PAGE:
I grew up Methodist (United Methodist, actually), went through a long Between Churches spell, and eventually settled back into a sort of relationship with the local Episcopalian church. My religious faith has stayed fairly steady (though, as a good born New Englander, I am not going to talk to you about it), but if the Christian Church were on Facebook, I would mark our relationship "it's complicated."
But I still love Easter. I have always loved Easter far more than Christmas, and the years have only strengthened those feelings.
It is the tritest of cliches to point out that Christmas is overly commercialized, but that commercialization is instructive, because in it we can see the Invisible Hand of the Free Market on a crazed, drunken rampage. In the three months of the season, there is absolutely nothing that can happen in stores, malls, back alleys or any other temple of commerce that could shock or surprise me.
This is the untethered free market in action, the rudderless, anchor-deficient free market that has long since stopped asking "What is the real point and purpose of this activity" and instead asks "How can this activity be leveraged to create a revenue stream?" With most free marketified activities, we can at least take comfort in the notion that injection of free market profit-driven innovation will bring us to a higher better pursuit of our main goal.
But Christmas can't even try to pretend that the proliferation of holiday tchotchkes and corporate advertising somehow aids in the worship and honoring of the Great I Am. The Creator of All That Is and Will Be is not honored by special beer steins. No, the vast majority seasonal tie-ins have lost the plot, descending into some sad Godless money-grubbing romp.
Easter, however, stays relatively impervious to the seduction of the Invisible Hand. Perhaps it's that Christmas reduces to simple charming ideas-- babies are sweet and people should be nice to others-- but Easter is harsh and dark an then, for many folks, metaphysically improbable.
It may be a matter of how easy it is to keep up appearances. In other words, I can sell you Christmas stuff and still pretend that it has something to do with the central message of Christmas. But the crucifixion does not play well on t-shirts and halftime advertising.
A unmoored free market doesn't just subvert the virtue and purpose of an activity-- it twists and distorts everything into a fun-house shadow if its true self. Folks who have a childlike faith in the free market and believe that an unleashed market will automatically breathe virtue into whatever it comes near-- those folks need only look at Christmas, a holiday that has literally had the virtue beaten out of it by the club-wielding invisible hand.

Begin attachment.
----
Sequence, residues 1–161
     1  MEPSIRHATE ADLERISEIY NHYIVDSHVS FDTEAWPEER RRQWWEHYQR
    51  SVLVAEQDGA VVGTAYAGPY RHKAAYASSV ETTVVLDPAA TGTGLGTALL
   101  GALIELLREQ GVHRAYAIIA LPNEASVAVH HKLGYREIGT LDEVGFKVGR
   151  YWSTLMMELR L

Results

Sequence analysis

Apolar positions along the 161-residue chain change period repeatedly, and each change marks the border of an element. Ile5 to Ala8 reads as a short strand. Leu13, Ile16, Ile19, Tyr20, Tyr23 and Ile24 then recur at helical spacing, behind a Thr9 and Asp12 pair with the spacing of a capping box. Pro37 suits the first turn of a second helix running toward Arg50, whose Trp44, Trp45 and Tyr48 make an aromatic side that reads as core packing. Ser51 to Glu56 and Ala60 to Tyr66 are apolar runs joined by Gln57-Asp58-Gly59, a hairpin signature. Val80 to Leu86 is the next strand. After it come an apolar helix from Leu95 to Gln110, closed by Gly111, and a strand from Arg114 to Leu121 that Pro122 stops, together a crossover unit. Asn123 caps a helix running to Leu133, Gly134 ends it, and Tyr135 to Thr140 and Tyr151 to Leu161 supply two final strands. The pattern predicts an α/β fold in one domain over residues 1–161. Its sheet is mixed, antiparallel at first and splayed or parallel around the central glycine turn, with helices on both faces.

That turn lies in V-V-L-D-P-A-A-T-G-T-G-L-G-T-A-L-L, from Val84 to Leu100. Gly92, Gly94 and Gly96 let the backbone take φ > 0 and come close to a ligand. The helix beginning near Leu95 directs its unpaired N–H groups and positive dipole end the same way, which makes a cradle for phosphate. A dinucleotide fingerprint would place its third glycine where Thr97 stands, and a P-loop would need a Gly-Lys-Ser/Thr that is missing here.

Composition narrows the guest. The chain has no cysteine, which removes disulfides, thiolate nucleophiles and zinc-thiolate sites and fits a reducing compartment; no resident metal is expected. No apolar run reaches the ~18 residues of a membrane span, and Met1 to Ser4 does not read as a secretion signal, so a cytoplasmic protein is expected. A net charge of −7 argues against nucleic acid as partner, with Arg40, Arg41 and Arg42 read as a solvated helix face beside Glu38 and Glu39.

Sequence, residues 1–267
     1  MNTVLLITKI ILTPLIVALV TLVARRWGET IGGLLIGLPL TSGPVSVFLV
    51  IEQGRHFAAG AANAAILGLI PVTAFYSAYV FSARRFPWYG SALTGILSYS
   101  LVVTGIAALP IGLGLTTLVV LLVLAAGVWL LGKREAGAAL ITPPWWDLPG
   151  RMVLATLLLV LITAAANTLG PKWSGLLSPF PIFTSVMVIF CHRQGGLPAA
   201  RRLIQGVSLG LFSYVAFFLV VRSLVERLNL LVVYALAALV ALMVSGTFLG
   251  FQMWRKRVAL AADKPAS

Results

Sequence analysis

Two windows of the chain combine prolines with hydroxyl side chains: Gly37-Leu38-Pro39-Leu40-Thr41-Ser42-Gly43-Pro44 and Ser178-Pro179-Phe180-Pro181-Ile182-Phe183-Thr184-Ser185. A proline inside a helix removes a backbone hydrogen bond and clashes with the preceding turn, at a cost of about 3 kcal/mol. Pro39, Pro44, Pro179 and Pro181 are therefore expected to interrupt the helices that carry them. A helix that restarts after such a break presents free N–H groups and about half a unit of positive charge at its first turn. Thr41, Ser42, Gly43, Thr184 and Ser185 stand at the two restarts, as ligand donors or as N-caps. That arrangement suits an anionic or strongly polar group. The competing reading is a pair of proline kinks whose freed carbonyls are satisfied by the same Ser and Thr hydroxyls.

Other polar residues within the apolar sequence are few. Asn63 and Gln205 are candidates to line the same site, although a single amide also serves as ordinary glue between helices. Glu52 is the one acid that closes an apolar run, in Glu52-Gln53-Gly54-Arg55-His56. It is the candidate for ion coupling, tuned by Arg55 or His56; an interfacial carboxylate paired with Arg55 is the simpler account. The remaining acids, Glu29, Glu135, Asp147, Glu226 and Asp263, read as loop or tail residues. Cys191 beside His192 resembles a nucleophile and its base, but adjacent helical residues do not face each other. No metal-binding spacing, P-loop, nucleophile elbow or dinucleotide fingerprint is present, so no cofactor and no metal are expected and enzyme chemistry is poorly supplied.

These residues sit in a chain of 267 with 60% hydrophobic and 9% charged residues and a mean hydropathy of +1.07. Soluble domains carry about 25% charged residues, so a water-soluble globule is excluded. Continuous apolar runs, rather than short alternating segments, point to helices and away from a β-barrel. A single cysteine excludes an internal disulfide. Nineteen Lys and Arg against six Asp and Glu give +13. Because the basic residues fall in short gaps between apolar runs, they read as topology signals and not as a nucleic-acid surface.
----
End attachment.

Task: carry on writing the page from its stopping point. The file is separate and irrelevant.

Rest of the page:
Compare and contrast with Easter. Easter is not broadly celebrated; it is not culturally required for every single person of whatever faith to observe it, and so there was no need to water it down for mass marketing. Nor has it bee infused with the Great Money Chase, and so other aspects can stay in place.
Easter is about renewal, rebirth, and resurrection; it's about finding a path forward in even the darkest of moments. It's about finding direction and guidance from a higher power. It's about somehow seeing beyond the limited boundaries of our lives into something so infinite and beautiful that we can barely grasp it.
It does not cry out to be fixed. It does not need corporate interests to come in and say, "This holiday is a national disgrace, a sad failure. We must not let people condemned to this lame holiday because their prospects are controlled by their calendar." Easter does not need somebody to come up with National Holiday Standards so that it can be measured against them (to prove it's failing). Easter does not need a shot of Holiday Reform. There may indeed be great potential depths of untapped riches in the holiday, but there is no value to the holiday in trying to tap those riches.
There are some things the Free Market should just leave alone, because the Free Market too easily loses track of the Actual Point of the things it tries to "fix."
I had a good Easter morning. I get up and go out to eat with all my family in the area, and I play a brass instrument in church. This year as a bonus my grandson was baptised. I can't think of anything that would lead me to think, "If only corporate interests could get their hands on this and turn it into the same great holiday that they made Christmas."